Re: Role of SPARQL

I suspect that Eric was reacting to my previous message (presuming it went
through; I got a message from the W3C that it wouldn't be delivered until I
gave permission for it to be posted, which I did, but I don't *really* know
if it was posted), where I really was talking about "defined as SPARQL".
One of the issues I have with a new language is that we have to be very
specific in defining exactly what everything means. This might seem simple,
but for example, suppose we have a shape definition that says that
something must have exactly two values from some class for some field.  If
in the data, we have two values, but they are owl:sameAs one another, does
that count?  If we have three values, but two of them are owl:sameAs one
another, does that count?  What if one of them is a member of a subclass
instead of the specified class?  Or what if it could be inferred to be a
member via some restriction, etc.?  What seemed like a simple concept
("exactly two") has a lot of variation of possible meaning.  It will be our
job to define that (and more to the point, also the job of anyone who wants
to extend the language).

I was indeed suggesting that we use SPARQL to *define* this.  So that
"exactly two"  would be defined e.g., as   SELECT (COUNT (?r) AS ?many)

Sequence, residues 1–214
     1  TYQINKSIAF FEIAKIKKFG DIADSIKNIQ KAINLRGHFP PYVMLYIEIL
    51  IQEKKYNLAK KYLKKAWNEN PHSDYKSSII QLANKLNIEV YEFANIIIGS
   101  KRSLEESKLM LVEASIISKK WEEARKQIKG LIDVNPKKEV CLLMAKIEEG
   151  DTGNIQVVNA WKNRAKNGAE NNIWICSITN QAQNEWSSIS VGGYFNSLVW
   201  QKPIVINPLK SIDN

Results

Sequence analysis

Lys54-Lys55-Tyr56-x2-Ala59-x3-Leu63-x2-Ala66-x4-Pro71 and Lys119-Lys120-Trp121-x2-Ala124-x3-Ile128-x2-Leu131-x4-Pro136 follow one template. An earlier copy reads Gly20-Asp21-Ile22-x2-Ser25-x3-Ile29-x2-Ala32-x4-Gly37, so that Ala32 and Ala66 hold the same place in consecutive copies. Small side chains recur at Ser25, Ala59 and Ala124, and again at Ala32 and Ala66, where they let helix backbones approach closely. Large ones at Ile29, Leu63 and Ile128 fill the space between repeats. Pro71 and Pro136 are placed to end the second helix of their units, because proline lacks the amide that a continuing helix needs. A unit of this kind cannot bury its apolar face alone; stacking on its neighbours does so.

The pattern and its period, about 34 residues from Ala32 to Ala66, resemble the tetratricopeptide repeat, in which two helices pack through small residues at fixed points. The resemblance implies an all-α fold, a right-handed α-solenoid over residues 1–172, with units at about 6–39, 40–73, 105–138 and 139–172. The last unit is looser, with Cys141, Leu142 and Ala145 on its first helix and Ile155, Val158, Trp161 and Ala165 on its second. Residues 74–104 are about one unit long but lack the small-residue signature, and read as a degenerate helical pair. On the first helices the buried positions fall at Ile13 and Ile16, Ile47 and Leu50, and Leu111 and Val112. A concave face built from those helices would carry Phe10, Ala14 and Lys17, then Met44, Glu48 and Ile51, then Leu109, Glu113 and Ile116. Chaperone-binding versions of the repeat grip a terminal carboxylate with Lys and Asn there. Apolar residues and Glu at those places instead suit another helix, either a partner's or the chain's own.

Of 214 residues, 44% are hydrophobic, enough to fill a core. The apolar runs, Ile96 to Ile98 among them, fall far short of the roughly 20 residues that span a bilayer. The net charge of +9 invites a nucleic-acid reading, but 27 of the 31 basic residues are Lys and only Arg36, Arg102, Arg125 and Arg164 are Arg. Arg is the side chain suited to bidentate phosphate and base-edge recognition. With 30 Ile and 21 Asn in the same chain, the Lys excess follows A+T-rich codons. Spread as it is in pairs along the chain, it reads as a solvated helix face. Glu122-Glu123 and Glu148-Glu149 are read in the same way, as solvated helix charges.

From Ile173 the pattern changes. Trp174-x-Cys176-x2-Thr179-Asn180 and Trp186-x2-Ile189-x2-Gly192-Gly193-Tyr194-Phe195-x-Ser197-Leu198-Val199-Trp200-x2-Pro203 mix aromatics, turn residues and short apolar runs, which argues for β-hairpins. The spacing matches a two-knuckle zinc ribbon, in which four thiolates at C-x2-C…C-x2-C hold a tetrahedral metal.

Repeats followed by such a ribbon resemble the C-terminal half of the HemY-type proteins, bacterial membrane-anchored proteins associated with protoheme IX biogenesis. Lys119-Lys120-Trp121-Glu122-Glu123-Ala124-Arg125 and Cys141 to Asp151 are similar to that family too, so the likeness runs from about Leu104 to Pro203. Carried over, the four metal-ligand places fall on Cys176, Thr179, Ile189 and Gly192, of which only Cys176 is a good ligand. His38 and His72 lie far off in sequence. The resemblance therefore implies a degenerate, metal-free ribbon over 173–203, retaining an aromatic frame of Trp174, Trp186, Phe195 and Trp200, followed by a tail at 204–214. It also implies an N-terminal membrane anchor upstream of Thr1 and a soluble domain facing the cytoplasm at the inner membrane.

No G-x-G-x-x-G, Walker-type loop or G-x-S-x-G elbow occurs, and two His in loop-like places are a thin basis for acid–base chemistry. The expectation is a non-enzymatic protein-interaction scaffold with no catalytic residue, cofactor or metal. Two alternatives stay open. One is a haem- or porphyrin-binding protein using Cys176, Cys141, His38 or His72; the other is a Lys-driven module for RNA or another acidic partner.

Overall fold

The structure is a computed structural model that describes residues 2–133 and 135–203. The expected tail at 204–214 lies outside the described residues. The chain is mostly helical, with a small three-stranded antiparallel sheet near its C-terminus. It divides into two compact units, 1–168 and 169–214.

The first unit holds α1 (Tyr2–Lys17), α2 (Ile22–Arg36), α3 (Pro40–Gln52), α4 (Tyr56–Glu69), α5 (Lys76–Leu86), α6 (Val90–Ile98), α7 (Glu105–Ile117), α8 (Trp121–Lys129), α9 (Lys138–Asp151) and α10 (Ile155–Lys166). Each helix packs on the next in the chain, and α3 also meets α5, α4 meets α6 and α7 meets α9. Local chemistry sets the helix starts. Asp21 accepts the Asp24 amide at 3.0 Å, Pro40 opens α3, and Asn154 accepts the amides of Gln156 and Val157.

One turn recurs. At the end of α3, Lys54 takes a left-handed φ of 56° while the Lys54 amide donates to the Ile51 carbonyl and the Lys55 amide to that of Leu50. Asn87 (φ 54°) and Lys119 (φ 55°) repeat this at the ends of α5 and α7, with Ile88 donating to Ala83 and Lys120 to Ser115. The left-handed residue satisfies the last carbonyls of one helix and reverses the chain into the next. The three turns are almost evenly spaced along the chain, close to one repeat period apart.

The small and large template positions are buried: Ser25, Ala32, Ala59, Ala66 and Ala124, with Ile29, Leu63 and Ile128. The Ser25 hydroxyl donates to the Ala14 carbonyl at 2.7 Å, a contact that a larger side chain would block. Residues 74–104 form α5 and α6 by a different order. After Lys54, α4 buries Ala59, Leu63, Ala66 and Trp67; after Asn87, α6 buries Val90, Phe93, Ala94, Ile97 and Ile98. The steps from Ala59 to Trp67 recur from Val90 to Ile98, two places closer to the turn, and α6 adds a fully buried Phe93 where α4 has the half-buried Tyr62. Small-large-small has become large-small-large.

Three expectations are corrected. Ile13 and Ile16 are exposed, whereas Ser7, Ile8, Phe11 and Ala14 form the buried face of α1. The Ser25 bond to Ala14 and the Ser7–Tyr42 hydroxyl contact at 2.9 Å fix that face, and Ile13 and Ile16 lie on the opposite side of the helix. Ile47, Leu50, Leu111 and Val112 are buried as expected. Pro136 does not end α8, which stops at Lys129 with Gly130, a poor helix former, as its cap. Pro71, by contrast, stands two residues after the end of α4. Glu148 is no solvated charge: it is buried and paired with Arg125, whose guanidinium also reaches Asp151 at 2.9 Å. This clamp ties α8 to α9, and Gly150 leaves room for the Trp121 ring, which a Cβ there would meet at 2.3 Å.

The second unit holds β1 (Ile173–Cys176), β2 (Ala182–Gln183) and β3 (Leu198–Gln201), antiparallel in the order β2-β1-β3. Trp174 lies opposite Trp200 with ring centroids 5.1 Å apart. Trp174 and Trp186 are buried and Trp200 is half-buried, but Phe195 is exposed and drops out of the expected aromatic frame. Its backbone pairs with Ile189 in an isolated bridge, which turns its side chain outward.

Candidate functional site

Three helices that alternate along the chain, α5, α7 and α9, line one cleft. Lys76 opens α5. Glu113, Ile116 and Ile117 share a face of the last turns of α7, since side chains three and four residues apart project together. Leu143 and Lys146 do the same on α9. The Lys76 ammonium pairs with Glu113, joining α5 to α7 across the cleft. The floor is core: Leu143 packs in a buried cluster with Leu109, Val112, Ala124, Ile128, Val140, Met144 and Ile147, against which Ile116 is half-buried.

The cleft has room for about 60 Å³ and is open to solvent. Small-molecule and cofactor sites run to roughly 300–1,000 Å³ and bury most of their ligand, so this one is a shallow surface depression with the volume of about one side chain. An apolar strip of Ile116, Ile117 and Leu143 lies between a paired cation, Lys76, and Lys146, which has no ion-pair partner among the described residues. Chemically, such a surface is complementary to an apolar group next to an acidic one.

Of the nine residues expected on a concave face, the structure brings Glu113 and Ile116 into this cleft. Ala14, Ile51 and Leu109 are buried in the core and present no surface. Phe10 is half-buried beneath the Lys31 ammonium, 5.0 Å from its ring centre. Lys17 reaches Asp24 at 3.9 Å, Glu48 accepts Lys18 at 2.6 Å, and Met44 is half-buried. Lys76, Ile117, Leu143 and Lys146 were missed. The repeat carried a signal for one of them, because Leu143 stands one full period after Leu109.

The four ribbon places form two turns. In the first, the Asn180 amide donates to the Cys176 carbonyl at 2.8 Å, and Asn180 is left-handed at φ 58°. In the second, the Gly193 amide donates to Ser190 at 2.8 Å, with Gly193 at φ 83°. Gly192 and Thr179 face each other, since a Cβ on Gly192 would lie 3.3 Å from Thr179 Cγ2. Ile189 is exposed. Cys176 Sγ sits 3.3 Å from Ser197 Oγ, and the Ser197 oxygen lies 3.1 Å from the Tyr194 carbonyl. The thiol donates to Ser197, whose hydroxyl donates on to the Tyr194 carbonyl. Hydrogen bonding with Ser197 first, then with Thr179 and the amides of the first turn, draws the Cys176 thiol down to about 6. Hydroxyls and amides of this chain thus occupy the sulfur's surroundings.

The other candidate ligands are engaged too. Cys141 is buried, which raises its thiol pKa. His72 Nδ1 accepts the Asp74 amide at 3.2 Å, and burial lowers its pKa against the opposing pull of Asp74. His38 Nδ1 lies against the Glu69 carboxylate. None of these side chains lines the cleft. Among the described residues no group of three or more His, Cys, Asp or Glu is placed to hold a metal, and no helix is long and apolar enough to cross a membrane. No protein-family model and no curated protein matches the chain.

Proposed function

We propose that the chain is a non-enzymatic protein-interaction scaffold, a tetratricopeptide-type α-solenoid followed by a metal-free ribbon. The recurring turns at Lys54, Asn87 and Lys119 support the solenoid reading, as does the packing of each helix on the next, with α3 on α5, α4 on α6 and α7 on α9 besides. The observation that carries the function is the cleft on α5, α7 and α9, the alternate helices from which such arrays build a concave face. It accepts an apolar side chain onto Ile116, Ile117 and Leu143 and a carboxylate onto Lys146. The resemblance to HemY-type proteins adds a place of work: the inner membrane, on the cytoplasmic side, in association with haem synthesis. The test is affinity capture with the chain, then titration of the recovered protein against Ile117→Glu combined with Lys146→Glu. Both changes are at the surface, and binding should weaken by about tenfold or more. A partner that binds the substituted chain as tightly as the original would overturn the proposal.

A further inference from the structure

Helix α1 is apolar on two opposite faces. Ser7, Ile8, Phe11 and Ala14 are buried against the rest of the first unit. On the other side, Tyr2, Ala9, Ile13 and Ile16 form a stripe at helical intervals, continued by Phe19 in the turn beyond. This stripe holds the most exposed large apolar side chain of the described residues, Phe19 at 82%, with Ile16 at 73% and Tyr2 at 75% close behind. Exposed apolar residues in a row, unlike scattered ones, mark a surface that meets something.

WHERE {?object  ?property ?r} HAVING (?many = 2)  This query (with some
statement about the inference behind it - none, RDFS-only, OWL-only
(profile DL, EL, QL, or RL)) makes the answer to all those questions
clear.  And all these pieces (SPARQL, RDFS, OWL) already exist and have
stable semantics.

FWIW, OWL would be superior to SPARQL for this job in some ways, not least
of which you can prove statements in OWL much more easily than you can
prove statements about SPARQL.  I don't think anyone is proposing that we
use OWL in this way, since it has many shortcomings as well (I happen to
think that ICV does a good job of getting the best of both worlds here).


On Tue, Nov 25, 2014 at 9:13 AM, Holger Knublauch <>

> On 11/24/14, 10:59 PM, Eric Prud'hommeaux wrote:
>> Note that there is a leap between "compiles to SPARQL" and "defined as
>> SPARQL queries". The former is a pragmatic way to make your schema useful
>> on more infrastructure; the latter is a question of how implementors,
>> researchers, optimizers etc. will be able to understand and work with the
>> definition.
> Absolutely. Compiling to SPARQL is what I meant only. There can be any
> number of surface syntaxes that produce SPARQL.
> Holger

Received on Tuesday, 25 November 2014 00:07:29 UTC